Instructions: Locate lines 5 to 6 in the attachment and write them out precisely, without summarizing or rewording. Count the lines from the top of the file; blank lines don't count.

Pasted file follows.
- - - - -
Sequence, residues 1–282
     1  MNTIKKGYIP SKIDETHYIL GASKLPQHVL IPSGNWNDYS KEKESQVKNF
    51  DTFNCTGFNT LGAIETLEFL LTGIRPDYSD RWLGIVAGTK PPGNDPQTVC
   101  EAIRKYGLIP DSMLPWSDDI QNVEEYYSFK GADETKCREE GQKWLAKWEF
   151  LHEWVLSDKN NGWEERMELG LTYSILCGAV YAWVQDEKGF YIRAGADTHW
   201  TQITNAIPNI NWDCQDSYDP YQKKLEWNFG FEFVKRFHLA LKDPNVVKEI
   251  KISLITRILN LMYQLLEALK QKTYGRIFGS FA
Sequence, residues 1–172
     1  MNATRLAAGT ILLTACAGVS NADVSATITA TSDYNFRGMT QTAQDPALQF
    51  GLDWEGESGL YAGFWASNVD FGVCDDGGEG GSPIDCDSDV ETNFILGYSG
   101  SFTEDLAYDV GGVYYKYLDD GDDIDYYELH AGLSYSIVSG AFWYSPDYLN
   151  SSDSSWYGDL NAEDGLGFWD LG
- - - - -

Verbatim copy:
   151  LHEWVLSDKN NGWEERMELG LTYSILCGAV YAWVQDEKGF YIRAGADTHW
   201  TQITNAIPNI NWDCQDSYDP YQKKLEWNFG FEFVKRFHLA LKDPNVVKEI